An advice I really like goes like this: "as part of doing great work, fall in love with a problem, not a solution."
This post represents a first stab at describing the problem I'm working on.
There has always been a tradeoff between convenience and responsibility.
More responsibility means being more involved in something. Being more involved in something means less time to do other things, hence it is inconvenient. This has been true in many dimensions of life. It depends a lot on the individual case, but these are true generally speaking:
- Banks are convenient. Taking responsibility over managing your own savings is inconvenient.
- Cars are convenient tools. You can take more responsibility over your travel habits by using a bus or trains. But this responsibility is less convenient because you need to be on time at the bus stop or at the train station.
- A warm meal from a restaurant is highly convenient. The responsibility over your eating habits can be very time-consuming because it can comprise growing plants, feeding animals, cooking the meal yourself, and washing the dishes.
Technologies enable us to take higher levels of responsibility given a fixed envelope of convenience. Technologies cannot do this by default. People have to work hard to make it happen, and this is what creating value means to me. Specifically, creating value through a technology means to sculpt the usability, performance, efficiency of that technology so that a person using it does not sacrifice convenience, and instead can take more responsibility over their life.
The fire, the wheel, airplanes, semiconductors, the internet, mobile phones are great examples of technologies invented throughout time that push the boundary of how much responsibility an individual (or an organization of individuals) can take. Technologies, however, do not cancel the tradeoff between convenience and responsibility. They just mitigate it to some degree. This is because the amount of responsibilities you can assume for yourself are infinite, so given a limited lifespan and limited attention of a human, the tradeoff will never disappear.
Like any technology, web3 enables a higher capacity to exercise control and take ownership of certain areas of life. Web3 drives down the costs (i.e., makes it more convenient) for individuals to exercise responsibility. Primarily, it enables more responsibility over the economic dimensions of life, for example transacting over borders, speculating, trading, savings.
Some organizations in this space call web3 a technology to "increase economic freedom in the world". I really like that. I see freedom and responsibility as two sides of the same coin. I prefer responsibility as a guiding concept, however, because it's something one can take, whereas freedom is usually something offered.
There is another angle I want to consider. Web3 technologies are sometimes called "tools for decentralization." This angle complements the responsibility / convenience equation. I consider decentralization the property of allowing someone to participate (i.e., take responsibility) in the operation of a service or product.
So decentralized participation is a specific instance of the principle of responsibility that a technology enables, in this case Web3 technology.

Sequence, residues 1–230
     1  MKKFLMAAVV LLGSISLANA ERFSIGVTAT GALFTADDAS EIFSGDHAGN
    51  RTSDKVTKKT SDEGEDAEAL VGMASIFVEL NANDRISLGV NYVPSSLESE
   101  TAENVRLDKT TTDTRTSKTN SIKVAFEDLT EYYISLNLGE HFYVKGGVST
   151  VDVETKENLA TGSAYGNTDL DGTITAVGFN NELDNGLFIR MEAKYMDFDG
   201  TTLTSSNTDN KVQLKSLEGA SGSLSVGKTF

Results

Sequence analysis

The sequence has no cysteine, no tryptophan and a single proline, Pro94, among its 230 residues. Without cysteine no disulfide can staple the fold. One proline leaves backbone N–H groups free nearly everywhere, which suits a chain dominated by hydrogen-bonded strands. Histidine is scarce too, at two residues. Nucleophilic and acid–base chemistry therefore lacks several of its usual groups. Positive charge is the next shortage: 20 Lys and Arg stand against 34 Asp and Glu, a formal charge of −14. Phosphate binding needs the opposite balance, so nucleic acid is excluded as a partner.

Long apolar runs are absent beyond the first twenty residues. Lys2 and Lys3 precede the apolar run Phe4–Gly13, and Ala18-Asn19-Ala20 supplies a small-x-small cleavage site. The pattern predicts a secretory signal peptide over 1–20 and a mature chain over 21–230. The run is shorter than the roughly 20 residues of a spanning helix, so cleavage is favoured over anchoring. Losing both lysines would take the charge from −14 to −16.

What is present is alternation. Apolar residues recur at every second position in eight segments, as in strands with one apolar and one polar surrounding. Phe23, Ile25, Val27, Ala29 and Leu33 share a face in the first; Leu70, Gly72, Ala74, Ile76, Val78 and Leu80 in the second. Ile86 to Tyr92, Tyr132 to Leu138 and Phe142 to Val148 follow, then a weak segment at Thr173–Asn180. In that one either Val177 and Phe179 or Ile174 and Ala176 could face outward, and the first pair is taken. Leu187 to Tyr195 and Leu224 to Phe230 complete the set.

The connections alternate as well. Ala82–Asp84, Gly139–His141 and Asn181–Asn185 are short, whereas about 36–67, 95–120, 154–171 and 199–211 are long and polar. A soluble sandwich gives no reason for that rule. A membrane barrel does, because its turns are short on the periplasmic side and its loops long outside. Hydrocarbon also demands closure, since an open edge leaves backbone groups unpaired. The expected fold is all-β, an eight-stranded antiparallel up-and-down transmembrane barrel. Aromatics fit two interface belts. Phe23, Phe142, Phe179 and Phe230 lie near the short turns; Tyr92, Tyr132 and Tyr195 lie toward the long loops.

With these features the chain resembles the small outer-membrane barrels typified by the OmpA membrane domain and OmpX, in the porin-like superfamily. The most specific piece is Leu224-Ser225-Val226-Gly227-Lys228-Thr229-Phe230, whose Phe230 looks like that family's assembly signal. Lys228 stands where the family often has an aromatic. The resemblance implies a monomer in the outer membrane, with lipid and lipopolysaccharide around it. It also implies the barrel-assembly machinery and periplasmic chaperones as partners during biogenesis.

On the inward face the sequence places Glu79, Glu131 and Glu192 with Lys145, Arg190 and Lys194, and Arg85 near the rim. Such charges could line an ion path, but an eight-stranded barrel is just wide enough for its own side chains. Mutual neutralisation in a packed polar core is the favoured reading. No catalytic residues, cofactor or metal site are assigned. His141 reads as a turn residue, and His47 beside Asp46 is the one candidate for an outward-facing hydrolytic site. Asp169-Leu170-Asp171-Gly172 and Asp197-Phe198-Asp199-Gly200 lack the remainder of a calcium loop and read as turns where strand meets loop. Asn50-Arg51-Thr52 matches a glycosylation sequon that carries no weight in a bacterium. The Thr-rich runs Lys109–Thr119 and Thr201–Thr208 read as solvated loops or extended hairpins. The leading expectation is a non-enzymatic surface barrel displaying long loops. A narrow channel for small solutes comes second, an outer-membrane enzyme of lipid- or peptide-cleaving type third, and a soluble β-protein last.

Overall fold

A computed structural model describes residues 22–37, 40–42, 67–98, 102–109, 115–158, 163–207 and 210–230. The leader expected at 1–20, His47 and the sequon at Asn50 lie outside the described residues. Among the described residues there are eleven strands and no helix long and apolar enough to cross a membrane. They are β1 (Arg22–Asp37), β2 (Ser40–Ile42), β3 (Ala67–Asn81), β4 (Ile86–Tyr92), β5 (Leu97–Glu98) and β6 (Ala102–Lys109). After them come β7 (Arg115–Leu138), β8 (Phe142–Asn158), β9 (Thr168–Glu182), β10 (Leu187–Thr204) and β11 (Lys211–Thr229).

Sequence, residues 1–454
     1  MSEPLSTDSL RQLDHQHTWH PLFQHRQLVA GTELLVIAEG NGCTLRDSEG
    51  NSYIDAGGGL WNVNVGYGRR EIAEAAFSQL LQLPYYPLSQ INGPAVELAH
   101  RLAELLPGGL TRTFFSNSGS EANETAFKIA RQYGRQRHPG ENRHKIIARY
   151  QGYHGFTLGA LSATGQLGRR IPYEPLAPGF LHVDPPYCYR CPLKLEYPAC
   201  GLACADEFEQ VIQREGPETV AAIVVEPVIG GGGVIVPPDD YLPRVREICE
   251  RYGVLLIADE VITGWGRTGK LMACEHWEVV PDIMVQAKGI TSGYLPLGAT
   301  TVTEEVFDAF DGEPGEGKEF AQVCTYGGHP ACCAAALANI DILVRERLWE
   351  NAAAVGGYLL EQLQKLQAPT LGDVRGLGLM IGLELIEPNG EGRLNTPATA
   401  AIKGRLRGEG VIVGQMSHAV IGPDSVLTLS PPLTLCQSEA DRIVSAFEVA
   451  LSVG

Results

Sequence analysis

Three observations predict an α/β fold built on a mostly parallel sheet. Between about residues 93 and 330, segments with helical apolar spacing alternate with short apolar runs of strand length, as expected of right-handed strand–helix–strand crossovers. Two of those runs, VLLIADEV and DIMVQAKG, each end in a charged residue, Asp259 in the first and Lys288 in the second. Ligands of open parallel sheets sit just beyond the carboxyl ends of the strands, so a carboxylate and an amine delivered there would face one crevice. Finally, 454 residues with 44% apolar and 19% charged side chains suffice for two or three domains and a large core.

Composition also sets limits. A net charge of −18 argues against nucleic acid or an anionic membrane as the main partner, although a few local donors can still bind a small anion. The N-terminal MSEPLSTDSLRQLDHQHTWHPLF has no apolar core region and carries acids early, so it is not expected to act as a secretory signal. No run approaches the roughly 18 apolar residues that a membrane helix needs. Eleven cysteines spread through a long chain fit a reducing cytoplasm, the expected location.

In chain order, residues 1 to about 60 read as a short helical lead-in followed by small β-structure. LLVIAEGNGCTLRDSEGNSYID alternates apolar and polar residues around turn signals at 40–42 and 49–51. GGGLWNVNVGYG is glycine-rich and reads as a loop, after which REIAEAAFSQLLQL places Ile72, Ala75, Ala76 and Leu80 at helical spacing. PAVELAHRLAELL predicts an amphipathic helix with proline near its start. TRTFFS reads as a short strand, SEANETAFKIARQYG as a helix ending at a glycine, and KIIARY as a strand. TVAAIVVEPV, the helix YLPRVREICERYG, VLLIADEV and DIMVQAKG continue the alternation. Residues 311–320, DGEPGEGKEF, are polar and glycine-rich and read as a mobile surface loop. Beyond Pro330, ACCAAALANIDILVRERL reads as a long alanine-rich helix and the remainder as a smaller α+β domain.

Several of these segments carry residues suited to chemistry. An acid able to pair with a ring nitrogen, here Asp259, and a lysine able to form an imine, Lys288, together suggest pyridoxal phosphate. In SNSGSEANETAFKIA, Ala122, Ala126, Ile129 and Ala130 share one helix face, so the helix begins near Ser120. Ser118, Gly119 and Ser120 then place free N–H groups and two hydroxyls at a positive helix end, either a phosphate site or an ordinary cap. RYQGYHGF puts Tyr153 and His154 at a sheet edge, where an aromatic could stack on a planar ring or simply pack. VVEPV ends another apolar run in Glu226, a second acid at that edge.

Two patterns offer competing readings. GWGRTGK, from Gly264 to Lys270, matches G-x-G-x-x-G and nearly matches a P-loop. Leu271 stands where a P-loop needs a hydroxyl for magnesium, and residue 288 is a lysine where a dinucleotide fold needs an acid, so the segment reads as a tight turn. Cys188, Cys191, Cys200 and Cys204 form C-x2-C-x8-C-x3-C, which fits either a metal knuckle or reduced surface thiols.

From this angle, the problem I'm working on is that of making participation convenient.
And I can refine the problem further. I can consider the kind of users I'm fixing problems for: I work at the infrastructure level. Consumer-facing products are about individuals; in contrast, infrastructure is that part of a software stack that is providing value to entire teams, units, businesses. Simply call them organizations.
So the next refinement on the problem is that of making participation convenient for organizations in their infrastructure use-cases. Using decentralized infrastructure by definition means participating as part of such infrastructure.
To avoid a confusing word salad, let's chart the different concepts I mentioned so far:
Responsibility /-> Decentralization /-> Participation /-> Using
I like that the cascade of concepts is becoming less and less abstract as we go from left to right. Very promising. Now let's tie it all together.
It is very convenient today for an organization to use centralized (third party) infrastructure providers. The tasks of the infrastructure for example could be data sharing, storage, streaming, ordering, monitoring, filtering, transportation, general operations or administration, among others.
In many situations, there is no benefit for an organization to gain responsibility over the infrastructure that handles the tasks above. Doing so might add liability or additional burden that is not contributing to their core value proposition. Even if participating in their infrastructure was equally convenient as paying a third party for that infrastructure, doing so has no benefit.
But in other situations, it is sub-optimal for an organization to fully offload their infrastructure to a third party. Or doing so puts that organization at a disadvantage with their competition. This is because responsibility over their infrastructure is part of the value proposition. In such situations, the inconvenience of decentralized infrastructure is an essential obstacle for that organization to overcome – and a good problem to solve.
To conclude, there is a large gap between the convenience of using centralized versus using decentralized infrastructure. It should be equally easy to use a centralized infrastructure as it is to use a decentralized one. At a more abstract level, I want to allow organizations to carry more responsibility – without a loss of convenience – over their own infrastructure. This is the problem I'm working on.